Music: Build a rocket boys! by Elbow ****
The Mercury Music Prize has thrown up several dubious winners in its 20-odd years, but nobody was more deserving of the accolade than Elbow, honoured for their 2008 album, The Seldom Seen Kid. Here was a band who had toiled in the margins for years and released three fine albums before their fourth achieved widespread appeal.
Now, for the first time, the Guy Garvey-led quintet face mass scrutiny. Might there be another One Day Like This to snare those still oblivious to their charms? Or will they return to their less-showy roots?
The answer lies somewhere in the middle. There's a sparseness to many of the songs that's quite at odds after the orchestral flourish of ... Kid, and there's a greater sense of introspection, too.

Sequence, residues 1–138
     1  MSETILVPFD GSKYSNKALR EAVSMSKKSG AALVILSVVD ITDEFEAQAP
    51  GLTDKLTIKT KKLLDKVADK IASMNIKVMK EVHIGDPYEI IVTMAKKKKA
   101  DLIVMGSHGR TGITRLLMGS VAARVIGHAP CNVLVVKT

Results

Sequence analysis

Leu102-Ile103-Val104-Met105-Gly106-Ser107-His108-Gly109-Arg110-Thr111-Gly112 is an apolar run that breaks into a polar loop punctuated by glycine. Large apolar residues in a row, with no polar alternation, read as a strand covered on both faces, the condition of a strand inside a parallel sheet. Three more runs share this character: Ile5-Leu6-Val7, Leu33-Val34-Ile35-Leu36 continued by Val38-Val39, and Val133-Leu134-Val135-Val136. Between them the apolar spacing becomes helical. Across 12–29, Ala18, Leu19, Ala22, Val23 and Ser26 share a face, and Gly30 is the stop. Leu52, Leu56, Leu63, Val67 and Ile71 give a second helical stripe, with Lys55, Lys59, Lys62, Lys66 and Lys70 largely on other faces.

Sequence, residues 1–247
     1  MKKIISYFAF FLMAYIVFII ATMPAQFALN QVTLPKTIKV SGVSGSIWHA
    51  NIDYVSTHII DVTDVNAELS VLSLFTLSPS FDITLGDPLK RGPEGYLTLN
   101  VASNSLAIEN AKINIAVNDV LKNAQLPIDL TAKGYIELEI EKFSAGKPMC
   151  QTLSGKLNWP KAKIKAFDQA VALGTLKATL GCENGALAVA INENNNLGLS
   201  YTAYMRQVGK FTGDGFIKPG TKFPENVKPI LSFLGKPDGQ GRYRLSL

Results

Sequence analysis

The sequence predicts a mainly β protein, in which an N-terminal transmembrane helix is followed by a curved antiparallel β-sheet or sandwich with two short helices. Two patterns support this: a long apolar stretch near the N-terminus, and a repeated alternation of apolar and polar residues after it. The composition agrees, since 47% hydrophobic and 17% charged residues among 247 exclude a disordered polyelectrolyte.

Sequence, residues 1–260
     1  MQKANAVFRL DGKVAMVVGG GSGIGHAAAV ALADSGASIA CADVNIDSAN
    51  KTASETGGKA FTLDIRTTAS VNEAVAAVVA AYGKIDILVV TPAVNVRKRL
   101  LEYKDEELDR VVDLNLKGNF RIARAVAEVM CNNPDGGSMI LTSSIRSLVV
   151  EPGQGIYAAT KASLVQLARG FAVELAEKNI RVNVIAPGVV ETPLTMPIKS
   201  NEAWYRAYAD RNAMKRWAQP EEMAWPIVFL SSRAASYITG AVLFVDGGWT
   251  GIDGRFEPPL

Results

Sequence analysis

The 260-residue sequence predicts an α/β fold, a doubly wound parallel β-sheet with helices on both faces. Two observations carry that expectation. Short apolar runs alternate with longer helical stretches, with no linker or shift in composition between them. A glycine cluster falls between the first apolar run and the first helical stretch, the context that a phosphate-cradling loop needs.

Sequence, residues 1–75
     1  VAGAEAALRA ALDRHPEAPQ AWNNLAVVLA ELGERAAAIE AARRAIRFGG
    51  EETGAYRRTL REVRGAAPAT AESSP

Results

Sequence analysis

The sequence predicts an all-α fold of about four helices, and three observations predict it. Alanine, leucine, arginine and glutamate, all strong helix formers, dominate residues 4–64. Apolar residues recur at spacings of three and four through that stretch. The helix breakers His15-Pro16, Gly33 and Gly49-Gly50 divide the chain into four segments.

Garvey has returned to live in his home town of Bury (near Manchester) and, much like Arcade Fire's The Suburbs, this is an album about looking back at the years from childhood to adulthood. This it does elliptically rather than the prosaic approach that a lesser band would take, and the result is a batch of supremely well-honed songs,
Garvey is not a writer prone to sentimentality, but he casts an avuncular eye over his cast of characters. In Jesus is a Rochdale Girl, he finds wonder in the commonplace, while Lippy Kids paints a sympathetic picture of the ASBO generation.
Quietly, but assuredly, the songs celebrate ordinary lives and find beauty in the most unlikely of places. And in a pair of tracks, With Love and Open Arms, Elbow ensure that this year's festivals will not be short of communal, hymnal moments.
Burn it: Jesus is a Rochdale Girl; Open Arms; With Love
Day & Night